When DiI was injected into the ventral funiculus on one side of the lumbar spinal cord, interneurons projecting ipsilaterally were labeled retrogradely on the same side, and commissural interneurons were labeled retrogradely on the opposite side. The pattern of commissural interneuron labeling changed over time and will be discussed in more detail below. Here we draw attention to a feature of the labeling that bears specifically on the migration of the HN neurons.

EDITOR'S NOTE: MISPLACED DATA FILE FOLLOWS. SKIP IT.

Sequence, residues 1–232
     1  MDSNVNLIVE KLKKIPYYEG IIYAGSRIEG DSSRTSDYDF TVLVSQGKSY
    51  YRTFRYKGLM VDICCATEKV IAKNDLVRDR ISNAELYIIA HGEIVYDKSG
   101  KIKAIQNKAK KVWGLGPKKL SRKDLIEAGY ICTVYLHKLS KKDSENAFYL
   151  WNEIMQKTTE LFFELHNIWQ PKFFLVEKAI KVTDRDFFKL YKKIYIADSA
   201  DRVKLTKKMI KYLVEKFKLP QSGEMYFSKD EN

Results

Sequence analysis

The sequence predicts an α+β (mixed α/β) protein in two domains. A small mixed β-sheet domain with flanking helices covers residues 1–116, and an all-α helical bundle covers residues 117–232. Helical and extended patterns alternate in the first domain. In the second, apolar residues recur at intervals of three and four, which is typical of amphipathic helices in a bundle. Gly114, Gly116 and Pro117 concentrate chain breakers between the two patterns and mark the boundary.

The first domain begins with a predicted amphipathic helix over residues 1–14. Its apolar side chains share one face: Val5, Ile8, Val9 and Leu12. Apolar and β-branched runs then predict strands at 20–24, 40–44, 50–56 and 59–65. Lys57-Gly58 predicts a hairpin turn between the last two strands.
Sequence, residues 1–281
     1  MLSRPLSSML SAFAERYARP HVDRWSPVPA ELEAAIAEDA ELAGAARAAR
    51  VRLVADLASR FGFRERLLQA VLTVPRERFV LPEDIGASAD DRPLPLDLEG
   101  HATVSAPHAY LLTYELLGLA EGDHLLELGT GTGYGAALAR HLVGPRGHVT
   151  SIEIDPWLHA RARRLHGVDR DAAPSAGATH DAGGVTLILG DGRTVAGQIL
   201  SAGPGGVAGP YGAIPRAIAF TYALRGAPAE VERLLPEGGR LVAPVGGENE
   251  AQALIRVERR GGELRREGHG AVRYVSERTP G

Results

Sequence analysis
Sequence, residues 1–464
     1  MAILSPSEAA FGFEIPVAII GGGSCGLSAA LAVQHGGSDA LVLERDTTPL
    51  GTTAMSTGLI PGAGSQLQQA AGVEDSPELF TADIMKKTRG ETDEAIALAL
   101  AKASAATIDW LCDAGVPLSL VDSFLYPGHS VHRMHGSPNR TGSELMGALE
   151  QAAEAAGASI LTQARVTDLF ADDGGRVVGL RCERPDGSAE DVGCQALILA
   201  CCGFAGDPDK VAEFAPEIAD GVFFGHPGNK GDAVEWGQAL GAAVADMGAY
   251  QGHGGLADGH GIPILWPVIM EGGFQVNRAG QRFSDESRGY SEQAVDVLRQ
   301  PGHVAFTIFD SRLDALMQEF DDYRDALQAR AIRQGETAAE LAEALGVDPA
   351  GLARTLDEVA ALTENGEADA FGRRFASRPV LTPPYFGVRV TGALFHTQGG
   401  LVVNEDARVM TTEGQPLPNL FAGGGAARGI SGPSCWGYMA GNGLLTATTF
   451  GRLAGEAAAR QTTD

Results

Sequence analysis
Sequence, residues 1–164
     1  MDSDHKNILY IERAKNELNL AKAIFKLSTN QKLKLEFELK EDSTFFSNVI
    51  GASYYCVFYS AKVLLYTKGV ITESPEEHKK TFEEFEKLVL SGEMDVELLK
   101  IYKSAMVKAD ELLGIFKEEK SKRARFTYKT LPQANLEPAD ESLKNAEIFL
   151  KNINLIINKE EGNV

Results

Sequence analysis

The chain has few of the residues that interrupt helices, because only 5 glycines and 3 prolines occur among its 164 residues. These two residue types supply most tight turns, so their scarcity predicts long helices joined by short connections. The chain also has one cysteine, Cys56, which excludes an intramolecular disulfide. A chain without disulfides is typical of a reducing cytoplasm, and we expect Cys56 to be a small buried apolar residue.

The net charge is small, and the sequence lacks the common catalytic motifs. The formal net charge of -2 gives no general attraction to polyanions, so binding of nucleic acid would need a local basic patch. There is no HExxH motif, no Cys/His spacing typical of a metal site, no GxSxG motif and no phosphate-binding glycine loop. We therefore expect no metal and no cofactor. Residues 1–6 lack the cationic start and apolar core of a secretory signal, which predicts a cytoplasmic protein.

In the immediate vicinity of a unilateral DiI injection, all cells, including neurons and radial glia, were labeled simply because of nonspecific spread. But at levels rostral or caudal to the injected region on the same side, or at any level on the contralateral side, only interneurons whose axons projected to or through the injected region became labeled. This is shown in Figure4 A, in a section taken caudal to the injected region on d7. The labeling of commissural interneurons has been limited to those crossing rostral and caudal to the injected region by the midline split, as shown in Figure 4 D. The domains of the lateral motor columns are outlined by labeled interneurons and their dendrites (both sides), as well as by labeled ventral axon tracts (injected side). The labeled processes radiating through the lateral motor column toward the lateral margin of the spinal cord on the side contralateral to the injection are the retrogradely labeled axons of the HN neurons, which were consistently seen only on the contralateral side (Fig. 4 A). Elongated somata with radial orientation and devoid of dendrites were clearly associated with these axons on d6 (Fig. 4 B,C), but no longer by d8. Our interpretation is that the HN somata have already extended a commissural axon by this stage of their development, but are still in the process of migrating laterally by nuclear translocation. The temporal sequence of events thus appears to be as follows: HN neurons, after undergoing their terminal mitoses in the ventral ventricular zone by d4, extend migratory leading processes through the lateral motor column to the pial surface, parallel to radial glia, and begin to migrate by nuclear translocation. By d6, while still migrating radially, they have extended commissural axons across the midline. By d8, their radial migration brings them to their definitive locations at the ventrolateral margin of the spinal cord.